|Frederick Bernard Lacey|
|Judge of the U.S. District Court for the District of New Jersey|
January 26, 1971 – February 3, 1986
|Appointed by||Richard Nixon|
|Succeeded by||Alfred James Lechner, Jr.|
|Judge of the U.S. Foreign Intelligence Surveillance Court|
|U.S. Attorney for the District of New Jersey|
|Preceded by||Donald Horowitz (acting)|
|Succeeded by||Herbert J. Stern|
|Born||September 8, 1920|
Newark, New Jersey
|Died||April 1, 2017 (aged 96)|
|Spouse(s)||Mary Stoneham (m. 1944–2005)|
|Alma mater||Rutgers University|
Cornell Law School
Frederick Bernard Lacey (September 8, 1920 – April 1, 2017) was a United States federal judge who also served as U.S. Attorney for the District of New Jersey.
Lacey was born in Newark, New Jersey in 1920 to Frederick Robert and Mary Agnes (Armstrong) Lacey. His father served as police chief for Newark. He received an A.B. from Rutgers University in 1941, and an LL.B. from Cornell Law School in 1948. He was a U.S. Naval Reserve Lieutenant Commander from 1942 to 1946. He married Mary C. Stoneham on May 20, 1944.
Lacey was in private practice in New York City from 1948 to 1951; in Newark from 1951 to 1952; and again in New York City from 1952 to 1953. He was an assistant U.S. Attorney of the District of New Jersey from 1953 to 1955. In 1954 he led the case that sent the mobster Albert Anastasia to prison for income tax evasion. He returned to private practice as a partner with the law firm of Shanley & Fisher in Newark from 1955 to 1969.
In 1969 Lacey was appointed U.S. Attorney for the District of New Jersey by President Richard Nixon. He served until 1971, leading a series of corruption prosecutions against high-profile figures in politics and organized crime, including against Newark Mayor Hugh Joseph Addonizio.
On October 7, 1970 Lacey was nominated by President Nixon to a new judgeship on the United States District Court for the District of New Jersey created by 84 Stat. 294. He was confirmed by the United States Senate on October 13, 1970 and received his commission on January 26, 1971. He served on the Foreign Intelligence Surveillance Court from 1979 to 1985. Lacey's service was terminated on February 3, 1986 due to retirement.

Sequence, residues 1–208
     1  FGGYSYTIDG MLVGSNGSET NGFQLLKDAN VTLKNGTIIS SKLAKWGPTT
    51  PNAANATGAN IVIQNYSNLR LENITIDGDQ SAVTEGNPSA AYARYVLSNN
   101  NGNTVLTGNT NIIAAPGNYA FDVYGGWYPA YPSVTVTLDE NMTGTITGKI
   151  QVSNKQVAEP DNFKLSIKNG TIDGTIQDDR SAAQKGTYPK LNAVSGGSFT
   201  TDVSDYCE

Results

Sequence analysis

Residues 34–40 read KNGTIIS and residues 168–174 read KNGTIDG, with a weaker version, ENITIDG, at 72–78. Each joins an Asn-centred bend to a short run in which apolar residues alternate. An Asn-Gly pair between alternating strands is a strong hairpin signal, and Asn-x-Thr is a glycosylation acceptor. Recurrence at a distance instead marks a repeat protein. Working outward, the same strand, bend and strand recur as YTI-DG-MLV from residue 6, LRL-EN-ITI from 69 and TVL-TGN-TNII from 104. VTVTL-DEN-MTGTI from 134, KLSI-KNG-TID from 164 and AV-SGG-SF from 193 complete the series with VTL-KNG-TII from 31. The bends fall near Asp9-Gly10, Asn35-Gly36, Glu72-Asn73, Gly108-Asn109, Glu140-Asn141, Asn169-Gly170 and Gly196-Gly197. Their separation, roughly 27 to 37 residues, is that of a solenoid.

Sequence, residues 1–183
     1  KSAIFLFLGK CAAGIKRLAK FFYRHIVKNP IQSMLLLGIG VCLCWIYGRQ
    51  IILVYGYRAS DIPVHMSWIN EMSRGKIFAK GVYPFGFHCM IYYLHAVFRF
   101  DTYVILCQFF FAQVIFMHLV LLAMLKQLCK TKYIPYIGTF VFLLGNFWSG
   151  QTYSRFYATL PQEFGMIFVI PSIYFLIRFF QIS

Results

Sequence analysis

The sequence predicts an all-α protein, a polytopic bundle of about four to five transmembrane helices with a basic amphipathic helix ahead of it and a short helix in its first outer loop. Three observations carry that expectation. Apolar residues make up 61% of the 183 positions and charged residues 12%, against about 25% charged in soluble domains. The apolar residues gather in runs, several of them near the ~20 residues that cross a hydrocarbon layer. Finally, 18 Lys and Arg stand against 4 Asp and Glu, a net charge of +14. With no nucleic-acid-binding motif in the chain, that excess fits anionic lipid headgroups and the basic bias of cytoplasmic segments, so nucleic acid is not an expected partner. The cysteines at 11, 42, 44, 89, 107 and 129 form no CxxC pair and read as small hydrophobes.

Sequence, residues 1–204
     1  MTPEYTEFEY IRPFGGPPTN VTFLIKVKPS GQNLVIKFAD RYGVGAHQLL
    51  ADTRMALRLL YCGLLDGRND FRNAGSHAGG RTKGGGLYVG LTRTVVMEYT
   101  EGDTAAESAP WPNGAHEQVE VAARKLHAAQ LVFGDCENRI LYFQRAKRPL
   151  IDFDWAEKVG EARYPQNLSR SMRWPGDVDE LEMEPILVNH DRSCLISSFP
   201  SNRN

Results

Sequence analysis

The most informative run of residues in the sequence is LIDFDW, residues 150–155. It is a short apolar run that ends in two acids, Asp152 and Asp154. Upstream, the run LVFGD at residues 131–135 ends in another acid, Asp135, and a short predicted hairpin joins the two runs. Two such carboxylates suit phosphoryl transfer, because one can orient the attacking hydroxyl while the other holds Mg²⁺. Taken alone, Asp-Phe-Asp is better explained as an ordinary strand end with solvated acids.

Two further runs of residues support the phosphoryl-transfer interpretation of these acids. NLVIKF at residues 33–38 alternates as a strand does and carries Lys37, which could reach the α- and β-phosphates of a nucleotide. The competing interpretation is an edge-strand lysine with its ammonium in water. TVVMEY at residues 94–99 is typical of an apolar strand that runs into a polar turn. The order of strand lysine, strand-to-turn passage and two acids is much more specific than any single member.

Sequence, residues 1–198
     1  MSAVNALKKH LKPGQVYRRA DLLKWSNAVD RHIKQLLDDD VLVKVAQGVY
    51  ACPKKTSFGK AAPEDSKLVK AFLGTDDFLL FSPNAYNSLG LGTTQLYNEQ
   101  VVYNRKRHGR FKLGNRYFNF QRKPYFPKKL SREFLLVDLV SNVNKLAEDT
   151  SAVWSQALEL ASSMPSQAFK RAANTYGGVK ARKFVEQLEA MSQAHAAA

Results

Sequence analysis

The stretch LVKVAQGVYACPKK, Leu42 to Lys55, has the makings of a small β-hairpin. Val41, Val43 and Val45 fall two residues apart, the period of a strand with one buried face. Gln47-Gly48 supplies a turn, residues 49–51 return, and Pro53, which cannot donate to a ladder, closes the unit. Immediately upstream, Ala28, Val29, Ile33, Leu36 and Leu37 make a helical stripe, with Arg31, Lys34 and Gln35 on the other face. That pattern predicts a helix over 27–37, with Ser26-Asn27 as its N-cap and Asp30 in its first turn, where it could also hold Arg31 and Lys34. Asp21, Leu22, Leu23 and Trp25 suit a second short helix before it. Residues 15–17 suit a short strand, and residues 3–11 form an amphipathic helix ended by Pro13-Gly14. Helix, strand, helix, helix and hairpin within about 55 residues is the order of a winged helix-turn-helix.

After retiring from the bench Lacey worked for the firm of LeBoeuf, Lamb, Leiby and MacRae. He was appointed a special judicial master overseeing the International Brotherhood of Teamsters. In 1992 he was appointed by United States Attorney General William Barr to investigate whether the Government mishandled a fraud case involving Banca Nazionale del Lavoro.
In 2006 he was appointed to be a federal monitor in an investigation of Bristol-Myers Squibb, centering on the distribution of the drug Plavix. The company complied with Lacey's recommendation to remove then CEO Peter R. Dolan. On April 1, 2017, he died in Naples, Florida at age 96.
On April 17, 2017, New Jersey Governor Chris Christie signed an Executive Order directing that both United States and New Jersey flags at state departments, offices, and agencies be flown at half-mast on April 19, 2017 in recognition of Lacey's passing.
- "Frederick Bernard Lacey". The Political Graveyard. http://politicalgraveyard.com/bio/lacey.html#1R912QJ5J. Retrieved 2009-11-08.
- Johnston, David (1992-10-17). "Prosecutor Who Battled Corruption". The New York Times. https://www.nytimes.com/1992/10/17/us/prosecutor-who-battled-corruption.html. Retrieved 2009-11-08.
- Smith, Aaron (2006-09-12). "Bristol CEO Dolan gets fired". CNN. http://money.cnn.com/2006/09/12/news/companies/bristol/index.htm?postversion=2006091217. Retrieved 2009-11-08.
- "Frederick B. Lacey, former U.S. Attorney who took on the mob, dead at 96". NJ.com. 2017-04-04. http://www.nj.com/news/index.ssf/2017/04/frederick_b_lacey_former_us_attorney_who_took_on_t.html. Retrieved 2017-04-05.
- Frederick Bernard Lacey at the Biographical Directory of Federal Judges, a public domain publication of the Federal Judicial Center.
|United States Attorney for the District of New Jersey
1969 – 1971
Herbert J. Stern
|Judge of the U.S. District Court for the District of New Jersey
1971 – 1986
Alfred James Lechner, Jr.
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